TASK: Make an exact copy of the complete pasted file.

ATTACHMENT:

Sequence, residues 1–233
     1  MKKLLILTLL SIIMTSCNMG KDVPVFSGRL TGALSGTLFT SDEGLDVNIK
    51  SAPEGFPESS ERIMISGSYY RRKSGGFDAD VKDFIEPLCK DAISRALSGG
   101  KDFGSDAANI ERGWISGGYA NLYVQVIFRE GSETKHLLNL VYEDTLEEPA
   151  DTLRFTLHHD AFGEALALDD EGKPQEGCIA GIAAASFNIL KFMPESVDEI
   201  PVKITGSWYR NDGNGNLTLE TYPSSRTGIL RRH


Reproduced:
Sequence, residues 1–233
     1  MKKLLILTLL SIIMTSCNMG KDVPVFSGRL TGALSGTLFT SDEGLDVNIK
    51  SAPEGFPESS ERIMISGSYY RRKSGGFDAD VKDFIEPLCK DAISRALSGG
   101  KDFGSDAANI ERGWISGGYA NLYVQVIFRE GSETKHLLNL VYEDTLEEPA
   151  DTLRFTLHHD AFGEALALDD EGKPQEGCIA GIAAASFNIL KFMPESVDEI
   201  PVKITGSWYR NDGNGNLTLE TYPSSRTGIL RRH